The Real China and the Real World

By EO Editorial Board
Published: 2010-10-12

Issue 489, October 10, 2010
Translated by Rose Scobie
Original article:

During the past twenty years, after that well known disturbance, although there have been many twists and turns, China and the world have enjoyed a relatively peaceful twenty year honeymoon period.

As a developing country, China has humbly faced the world while opening up its economy; the world, especially developed nations with advanced economies, looked upon the reemergence of the large nation with pleasant surprise. The US and Europe, and other Asian countries like Japan and Singapore, have all served as economic development models for China. For a long time, foreign businessmen have been wholeheartedly praising China. With China’s successful entrance into the World Trade Organization, foreign business leaders could not ignore the country’s lobbying power.

In the wake of development, this “student” is gradually surpassing its teachers, and it is completely different from them; yet in the eyes of many, China is still a “student” on the world stage. After the US subprime mortgage crisis, Chinese Vice Premier Wang Qishan said to then US Treasury Secretary Henry Paulson over the phone: “Henry, our teachers have a problem.”

China has already become the world’s third largest economy, and according to some statistics, China has already surpassed Japan to become the world’s second largest economic body. China has enjoyed the reputation of the “world’s factory” for some time. Narrowly escaping the economic crisis, China has emerged as a powerful nation.

In light of this, a problem is now being presented: The world has discovered that China is not taking the path of development that optimistic observers had imagined. Simply put, they imagined the path would create a large middle class and a new elite through economic development, and that the political aspirations of the new elite combined with the drive of high level politicians would ultimately bringing about a political system in China similar to the one in the US and Europe.

China has already started on this path, but it seems that it is looking to take a different exit. As a result, people have begun to criticize China. Once its most ardent supporters, the heads of multinational corporations have begun to complain to the media that China is adopting protectionist measures. Some politicians have begun repeating the opinion once expressed to India's first Prime Minister Jawaharlal Nehru: When China becomes powerful, it will inevitably become an imperialist.

Yet China appears clueless when confronting this abrupt transformation of the world into a cold and even hostile place. The world and our role in it have changed, but a new vision and outlook has yet to be found. The time to “lie and wait” has passed. We have said we want a “peaceful rise” and to be a “responsible great power”, but the world still regards us with suspicion: What are China’s characteristics and what will be the outcome of the path China’s taking? What will China bring to the world?

The “path” remains uncertain and our “plan” hesitant. We can only rely upon our ability to react to the things to come. Recently, the hostage crisis in the Philippines and the detainment of the Chinese captain over the Diaoyu Islands incident by Japan which caused an impasse in Sino-Japanese relations in the second half of 2010 have brought out a kind of anxiety and uncertainty.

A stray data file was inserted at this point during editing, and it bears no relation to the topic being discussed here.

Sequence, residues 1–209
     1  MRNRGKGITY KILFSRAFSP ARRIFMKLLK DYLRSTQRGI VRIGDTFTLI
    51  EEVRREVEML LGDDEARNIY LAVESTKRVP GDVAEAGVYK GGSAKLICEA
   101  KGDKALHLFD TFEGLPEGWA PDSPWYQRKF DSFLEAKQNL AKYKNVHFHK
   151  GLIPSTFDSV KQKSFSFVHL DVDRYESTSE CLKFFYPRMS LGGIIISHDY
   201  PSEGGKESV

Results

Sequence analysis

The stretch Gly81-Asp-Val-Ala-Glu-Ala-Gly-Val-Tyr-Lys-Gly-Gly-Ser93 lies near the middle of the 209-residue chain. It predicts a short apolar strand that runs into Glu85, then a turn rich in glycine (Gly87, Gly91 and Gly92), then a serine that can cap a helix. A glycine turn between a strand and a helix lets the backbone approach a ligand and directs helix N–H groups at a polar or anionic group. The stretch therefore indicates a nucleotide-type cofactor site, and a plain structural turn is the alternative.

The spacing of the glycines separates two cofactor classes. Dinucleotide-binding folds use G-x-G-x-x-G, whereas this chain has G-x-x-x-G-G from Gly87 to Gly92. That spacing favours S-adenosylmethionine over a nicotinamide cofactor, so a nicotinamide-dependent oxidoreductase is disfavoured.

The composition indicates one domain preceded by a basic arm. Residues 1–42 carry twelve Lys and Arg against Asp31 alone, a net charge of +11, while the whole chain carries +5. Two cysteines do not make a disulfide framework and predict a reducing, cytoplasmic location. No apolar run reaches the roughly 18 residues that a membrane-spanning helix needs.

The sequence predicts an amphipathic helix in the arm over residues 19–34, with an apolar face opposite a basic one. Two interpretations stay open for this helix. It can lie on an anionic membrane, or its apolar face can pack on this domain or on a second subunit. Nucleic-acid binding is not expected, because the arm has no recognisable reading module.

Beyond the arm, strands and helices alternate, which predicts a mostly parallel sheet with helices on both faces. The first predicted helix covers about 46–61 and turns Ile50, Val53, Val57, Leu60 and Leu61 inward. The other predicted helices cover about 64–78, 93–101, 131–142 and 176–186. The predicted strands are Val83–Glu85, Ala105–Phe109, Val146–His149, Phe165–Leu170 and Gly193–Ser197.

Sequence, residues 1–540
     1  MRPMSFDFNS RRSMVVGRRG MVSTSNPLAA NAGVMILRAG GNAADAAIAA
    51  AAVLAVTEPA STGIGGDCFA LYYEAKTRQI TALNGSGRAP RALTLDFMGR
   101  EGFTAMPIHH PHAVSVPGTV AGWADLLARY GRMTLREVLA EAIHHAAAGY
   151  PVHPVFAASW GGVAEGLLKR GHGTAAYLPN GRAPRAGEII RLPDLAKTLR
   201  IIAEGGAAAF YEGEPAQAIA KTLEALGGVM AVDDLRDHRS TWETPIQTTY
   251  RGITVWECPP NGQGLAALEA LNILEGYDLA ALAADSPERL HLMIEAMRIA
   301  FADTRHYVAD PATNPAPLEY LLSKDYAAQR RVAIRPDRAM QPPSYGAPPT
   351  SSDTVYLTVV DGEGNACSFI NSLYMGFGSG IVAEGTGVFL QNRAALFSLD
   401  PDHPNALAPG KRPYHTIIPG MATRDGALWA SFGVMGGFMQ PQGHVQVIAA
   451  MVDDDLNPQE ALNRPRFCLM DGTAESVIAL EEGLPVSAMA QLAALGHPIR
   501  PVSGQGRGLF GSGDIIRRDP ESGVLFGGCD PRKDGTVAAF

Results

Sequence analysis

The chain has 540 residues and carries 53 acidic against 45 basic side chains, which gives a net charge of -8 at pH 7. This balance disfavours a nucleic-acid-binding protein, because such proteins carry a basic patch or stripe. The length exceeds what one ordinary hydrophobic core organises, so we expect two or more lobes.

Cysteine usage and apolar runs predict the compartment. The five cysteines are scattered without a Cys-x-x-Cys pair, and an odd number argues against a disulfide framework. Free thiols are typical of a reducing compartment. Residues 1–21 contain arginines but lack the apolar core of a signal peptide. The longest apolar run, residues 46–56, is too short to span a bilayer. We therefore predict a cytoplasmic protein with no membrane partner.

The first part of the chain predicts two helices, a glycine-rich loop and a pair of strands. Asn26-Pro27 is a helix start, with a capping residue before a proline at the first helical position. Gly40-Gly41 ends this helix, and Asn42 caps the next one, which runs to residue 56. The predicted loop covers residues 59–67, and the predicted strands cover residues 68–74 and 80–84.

This is an era of uncertainty-- the current situation is already changing and we have still not determined the shape of our "worldview". How should China engage with the rest of the world? The relationship with China has long been a popular topic for western scholars and observers, and some have drawn conclusions that we would not happily embrace.

It does not take much knowledge of history to know that China cannot go back to being a closed society. What we can do, first, is to present a more positive image of China to the outside world, just as Premier Wen Jiabao said during his September 23 speech at the United Nations, “to know the real China”. Premier Wen Jiabao’s speech is all the more striking because of its honesty; he did not deny that China’s development comes with responsibilities, nor did he evade problems inherent in development. Only a positive, direct explanation of China will allow the world to see and acknowledge the "real China".

China should also readily respond to foreign perspectives about the country and create an image that exceeds the expectations of the outside world. Abating the uncertainty the world feels towards China is the key to maintaining peace and friendship with the outside world. Only in this way can we reduce the apprehension the world, and especially neighboring countries feel about China.

Next, we should exhibit a friendlier and more restrained attitude, but at the same time we also want the world to see China’s confidence, without instilling the perception of arrogance.

We all know and no one can deny that China is still facing many domestic challenges; the public voice generally focuses on these internal problems. But we must not forget to turn our gaze outward towards the rest of the world. After all, openness toward the world has been one of the driving forces of China's progress and prosperity in the past. We need to let the world see the real China, and the real face of China must encounter the real world.

This article was edited by Ruoji Tang